We use ERA-interim reanalysis data (Dee et al. 2011) as reference data for most of our comparisons to the model experiments as it was shown to provide good performances over the Arctic (Jacobson et al. 2012; Lindsay et al. 2014). Note that ERA-interim data are not observations and might be uncertain as well. Particularly in the Arctic, where very few observations are available, data assimilation used in reanalysis obviously provides less value, although effects from more southerly locations with better observational coverage should have a positive impact. Nevertheless, large discrepancies are found in reanalysis in the Arctic (Lindsay et al. 2014).
In order to focus on the interannual variability, we perform most analyses after subtraction of a linear least squared trend from our model data.
Impact of temporal sea ice variations on the temperature variability
As discussed in the introduction, a number of studies have linked winter variations, trends and extremes in different northern hemisphere land regions to variations and trends in Arctic sea ice. Further, the so called “warm Arctic—cold continents (or cold mid-latitudes)” pattern have become a common expression (Overland et al. 2011). Figure 1 shows the zonal mean winter temperature (average over December, January, February; DJF) anomalies in ERA-interim data and the multi-model ensemble means (MMEM) of EXP1 and EXP2. The ERA-interim data show warm winters in the Arctic before 1985, followed by mainly cold winters between the end of the 1980s and 2000 and warm winters again after 2005. In mid-latitudes, this decadal scale variation is less pronounced but one might see a tendency towards the opposite signal in mid-latitudes compared to polar latitudes. Particularly after 2010, slightly colder than normal zonal means in mid-latitudes occur while the Arctic shows strong positive anomalies. This pattern agrees with the proposed warm Arctic—cold mid-latitudes pattern. The detrended data show generally very similar relations between warm (cold) Arctic and cold (warm) mid-latitudes and we find a significant correlation of − 0.48 between winter T2m, averaged over 70°N–90°N, and T2m, averaged over 30°N–50°N, in ERA-interim. However, if we look more in detail at individual winters, we find quite a number of exceptions, where this cold (warm) Arctic—warm (cold) mid-latitudes pattern is not pronounced or not at all existing (e.g., the winters 1987, 1988, 1991, 1994, 1996, 2000, 2001, 2006, 2007).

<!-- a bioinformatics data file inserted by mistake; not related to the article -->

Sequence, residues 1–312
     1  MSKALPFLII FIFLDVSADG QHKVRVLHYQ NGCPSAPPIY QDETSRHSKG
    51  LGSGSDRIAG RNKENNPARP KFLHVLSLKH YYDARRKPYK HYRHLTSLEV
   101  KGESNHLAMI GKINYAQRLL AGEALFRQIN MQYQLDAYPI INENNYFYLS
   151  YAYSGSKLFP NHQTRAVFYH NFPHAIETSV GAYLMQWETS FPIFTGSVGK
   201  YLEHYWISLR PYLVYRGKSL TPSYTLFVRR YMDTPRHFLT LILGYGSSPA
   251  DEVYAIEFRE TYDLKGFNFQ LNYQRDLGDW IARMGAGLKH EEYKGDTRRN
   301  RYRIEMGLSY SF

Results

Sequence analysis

The experiments show that Arctic sea ice variations largely capture the observed decadal variations in winter Arctic temperature, but not those in mid-latitudes. In particular, we see that EXP1 simulates warm values in the 1980s, generally colder years in the 1990s, and then warmer winters again. However, single years can strongly deviate from the observed one. The correlation of zonal mean winter T2m in EXP1 and ERA interim reaches 0.6 to 0.7 north of 75°N but is low between 30°N and 60°N (not shown). EXP2 reproduces most of the Arctic T2m variations in EXP1 pretty well, indicating the strong coupling between the Arctic sea ice variations and local SAT. As for EXP1, the correlation of zonal mean T2m with ERA-interim reaches 0.6–0.7 for arctic latitudes. In mid-latitudes (30°N–60°N), EXP1 does not reproduce the observed zonal mean T2m anomalies well. Also, the warm (cold) Arctic—cold (warm) mid-latitude pattern is not well shown. Particularly, the warm Arctic temperature anomalies after 2005 extend into the mid-latitudes in EXP1. EXP2 shows generally small mid-latitude T2m anomalies, indicating little impact of the sea ice variations on zonally averaged mid-latitude temperature anomalies. The detrended zonal mean anomalies (Fig. 1b, d, f) show similar results: Observed decadal temperature variations are relatively well reproduced in the experiments in the Arctic but not in lower latitudes. The correlation of detrended winter T2m in 70°N–90°N and T2m in 30°N–50°N is − 0.2 in EXP1 and 0.02 in EXP2.